Assessing vegetation dynamics in response to climate variability and change across sub-Saharan Africa
Thesis (PhD)--Stellenbosch University, 2018.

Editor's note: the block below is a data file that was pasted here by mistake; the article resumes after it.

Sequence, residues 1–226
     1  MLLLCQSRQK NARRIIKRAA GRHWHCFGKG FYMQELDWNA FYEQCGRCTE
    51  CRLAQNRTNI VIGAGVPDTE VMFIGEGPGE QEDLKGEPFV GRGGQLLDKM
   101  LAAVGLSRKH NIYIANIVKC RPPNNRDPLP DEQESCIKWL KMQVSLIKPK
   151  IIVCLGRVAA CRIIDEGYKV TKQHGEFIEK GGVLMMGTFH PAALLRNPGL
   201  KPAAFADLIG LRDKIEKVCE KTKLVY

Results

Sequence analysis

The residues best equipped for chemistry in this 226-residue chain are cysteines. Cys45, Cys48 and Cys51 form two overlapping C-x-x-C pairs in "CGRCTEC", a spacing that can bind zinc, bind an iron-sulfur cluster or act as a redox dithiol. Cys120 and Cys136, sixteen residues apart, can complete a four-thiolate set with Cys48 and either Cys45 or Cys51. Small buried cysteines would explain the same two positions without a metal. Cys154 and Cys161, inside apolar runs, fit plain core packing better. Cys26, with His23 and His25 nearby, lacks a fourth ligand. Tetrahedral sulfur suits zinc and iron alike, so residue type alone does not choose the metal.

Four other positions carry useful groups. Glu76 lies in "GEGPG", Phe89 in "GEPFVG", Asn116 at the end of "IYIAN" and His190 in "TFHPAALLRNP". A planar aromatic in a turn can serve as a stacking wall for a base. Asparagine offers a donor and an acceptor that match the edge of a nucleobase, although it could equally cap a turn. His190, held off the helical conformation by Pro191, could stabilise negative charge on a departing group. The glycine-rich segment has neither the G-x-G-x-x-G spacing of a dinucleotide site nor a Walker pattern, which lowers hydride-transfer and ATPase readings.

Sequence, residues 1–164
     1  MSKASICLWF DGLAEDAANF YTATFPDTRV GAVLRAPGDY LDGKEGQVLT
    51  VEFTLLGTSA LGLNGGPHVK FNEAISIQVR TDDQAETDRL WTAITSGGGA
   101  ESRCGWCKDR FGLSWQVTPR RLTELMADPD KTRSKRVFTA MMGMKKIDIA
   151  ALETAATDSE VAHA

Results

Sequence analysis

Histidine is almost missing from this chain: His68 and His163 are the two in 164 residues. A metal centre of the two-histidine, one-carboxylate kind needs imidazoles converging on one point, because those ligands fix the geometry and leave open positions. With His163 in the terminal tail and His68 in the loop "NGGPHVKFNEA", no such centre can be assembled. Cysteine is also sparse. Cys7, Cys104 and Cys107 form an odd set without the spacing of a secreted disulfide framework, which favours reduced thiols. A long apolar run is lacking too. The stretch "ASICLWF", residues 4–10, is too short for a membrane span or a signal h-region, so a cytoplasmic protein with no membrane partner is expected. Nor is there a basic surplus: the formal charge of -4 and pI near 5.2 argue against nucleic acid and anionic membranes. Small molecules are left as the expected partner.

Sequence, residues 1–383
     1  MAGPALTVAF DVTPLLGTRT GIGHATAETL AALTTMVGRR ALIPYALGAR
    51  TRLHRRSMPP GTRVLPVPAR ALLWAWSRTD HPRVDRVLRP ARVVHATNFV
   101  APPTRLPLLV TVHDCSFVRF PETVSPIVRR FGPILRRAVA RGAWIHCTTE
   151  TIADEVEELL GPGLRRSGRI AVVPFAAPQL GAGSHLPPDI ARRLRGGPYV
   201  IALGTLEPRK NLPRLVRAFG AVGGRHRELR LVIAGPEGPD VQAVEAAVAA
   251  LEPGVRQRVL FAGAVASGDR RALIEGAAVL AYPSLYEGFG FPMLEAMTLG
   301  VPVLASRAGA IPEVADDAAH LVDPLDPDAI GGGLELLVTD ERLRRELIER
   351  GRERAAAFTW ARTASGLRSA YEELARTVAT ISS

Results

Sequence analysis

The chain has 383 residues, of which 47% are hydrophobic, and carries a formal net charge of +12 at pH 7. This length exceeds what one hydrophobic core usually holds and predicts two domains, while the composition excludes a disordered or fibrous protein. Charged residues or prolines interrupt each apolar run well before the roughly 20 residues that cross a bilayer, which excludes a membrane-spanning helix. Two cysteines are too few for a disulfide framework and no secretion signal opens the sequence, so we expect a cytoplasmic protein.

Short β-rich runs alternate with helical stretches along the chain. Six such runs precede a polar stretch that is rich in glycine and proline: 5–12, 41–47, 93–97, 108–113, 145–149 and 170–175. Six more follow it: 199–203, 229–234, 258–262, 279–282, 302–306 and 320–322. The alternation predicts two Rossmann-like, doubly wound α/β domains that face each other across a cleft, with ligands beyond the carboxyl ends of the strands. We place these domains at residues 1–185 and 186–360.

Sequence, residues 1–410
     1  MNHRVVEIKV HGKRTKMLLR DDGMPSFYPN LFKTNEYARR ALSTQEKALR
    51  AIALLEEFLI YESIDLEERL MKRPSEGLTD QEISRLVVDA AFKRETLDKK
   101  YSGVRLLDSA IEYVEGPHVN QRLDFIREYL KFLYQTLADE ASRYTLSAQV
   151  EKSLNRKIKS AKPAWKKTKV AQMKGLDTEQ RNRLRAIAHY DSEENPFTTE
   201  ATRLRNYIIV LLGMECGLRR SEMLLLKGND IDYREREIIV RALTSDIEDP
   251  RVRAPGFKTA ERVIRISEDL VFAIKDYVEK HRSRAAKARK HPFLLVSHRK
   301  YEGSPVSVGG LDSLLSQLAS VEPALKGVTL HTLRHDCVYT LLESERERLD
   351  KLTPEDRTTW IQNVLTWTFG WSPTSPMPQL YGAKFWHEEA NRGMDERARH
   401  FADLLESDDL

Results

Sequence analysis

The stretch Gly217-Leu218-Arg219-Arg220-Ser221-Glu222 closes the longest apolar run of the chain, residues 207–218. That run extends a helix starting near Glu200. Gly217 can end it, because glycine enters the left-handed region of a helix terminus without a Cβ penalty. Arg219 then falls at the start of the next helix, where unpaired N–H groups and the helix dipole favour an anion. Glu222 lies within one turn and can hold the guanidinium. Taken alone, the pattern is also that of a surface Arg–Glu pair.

ENGLISH ABSTRACT: Understanding and predicting how anthropogenic climate change is likely to impact terrestrial ecosystems across sub-Saharan Africa is a key question for both ecology and for regional and global climate policy development. This predictive understanding hinges on a far better ability to detect, interpret, and attribute changes in vegetation cover and productivity, which is the basis for ecosystem response and resilience to anthropogenic climate change. Monitoring and modelling of vegetation dynamics in the context of climate change requires long-term datasets of key ecosystem indicators such as vegetation productivity and phenology. The use of remotely sensed vegetation indices to detect vegetation change related to climate has become an important application of remotely sensed imagery. The third generation Normalized Difference Vegetation Index (NDVI3g) time series from the Global Inventory Modeling and Mapping Studies (GIMMS) has a 34-year long history (1982-2015) and provides unprecedented opportunity to examine vegetation dynamics in response to changes in temperature, rainfall, and increases in atmospheric carbon dioxide (CO2). This thesis makes use of the NDVI3g time-series to examine the influence of climate on vegetation productivity and phenology in order to (i) assess recent shifts in vegetation across sub-Saharan Africa (SSA) and (ii) facilitate improved simulations of vegetation by Dynamic Global Vegetation Models (DGVMs). The NDVI3g information was integrated with climate data and large-scale climate fluctuations and oscillations in sea surface temperature and atmospheric pressure to test hypotheses on the role of both climate variability and change on vegetation activity. Seasonal and long-term patterns of change were compared with projections of a dynamic global vegetation model, the "adaptive Dynamic Global Vegetation Model" (aDGVM) that was initially developed for application in sub-Saharan Africa. In the first component of the thesis results show that the vegetation of SSA is driven by rainfall and associated fluctuations and oscillations in sea surface temperature (SST) and atmospheric pressure, with the El Niño-Southern Oscillation (ENSO) being the most dominant driver of variability in both vegetation productivity and phenology over eastern and southern Africa. Vegetation tends to show a stronger positive response to rainfall in the 3 months preceding vegetation growth suggesting that time-lag effects are significant when assessing the influence of climate. In the second component, trend analyses provide evidence for a number of important spatial and temporal patterns of change in vegetation productivity and phenology over SSA, which are generally consistent with independently reported long-term trends. Significant added value was provided to previous studies through the use of productivity and phenology metrics, which facilitated an assessment of vegetation dynamics at both the seasonal and inter-annual scale. A clear latitudinal pattern of change was detected where significant increases in both productivity and the length of the growing season were observed over the northern hemisphere tropics (0-10°N) and sub-tropics of southern hemisphere (20-35°S) and significant decreases observed over the southern hemisphere tropics (0-20°S). The greening trends account for approximately 50% of the observed changes over SSA. Over West Africa and parts of central Africa the greening trends are linked to increases in rainfall and possibly atmospheric CO2 concentration as well as reforestation efforts in some countries. Over the south-western Cape, eastern coastline, and northeast extent of South Africa the greening trends are consistent with the observed patterns of bush encroachment and expansion of alien invasive species in these regions. The trends in many of these regions have been attributed at least partly to increased atmospheric CO2. Over southern Africa, simulations of vegetation productivity derived from the adaptive DGVM indicate that vegetation should have been increasing across southern Africa over the last 30 years. This finding combined with the lack of evidence of substantial changes in rainfall over the region suggests the role of land-use in limiting the increase in vegetation as observed in the aDGVM simulations. Lastly, the comparison between observed remotely sensed vegetation indices and historical simulated values of vegetation productivity from the aDGVM over SSA provided valuable insight into the utility of remotely sensed vegetation indices to assist in the validation, refinement and overall improvement of simulation of vegetation by DGVMs. While the model performs well over grassland and savanna regions of southern Africa it tends to underestimate grass productivity in East Africa and over the Sahel, overestimate tree cover in tropical humid forests of central and West Africa. The model also fails to capture the unique seasonal pattern of the Mediterranean-type vegetation of south-west cape of South Africa and the inter-annual pattern of variability in vegetation over SSA. These biases and limits of the model are likely to have implications for the performance of model in projecting future vegetation cover over these regions. This research contributes to the understanding of landscape-scale vegetation response patterns that will provide an important benchmark against which future vegetation change can be assessed. Importantly, it highlights that testing the performance of dynamic vegetation models in the context of regional climate models is a research imperative.
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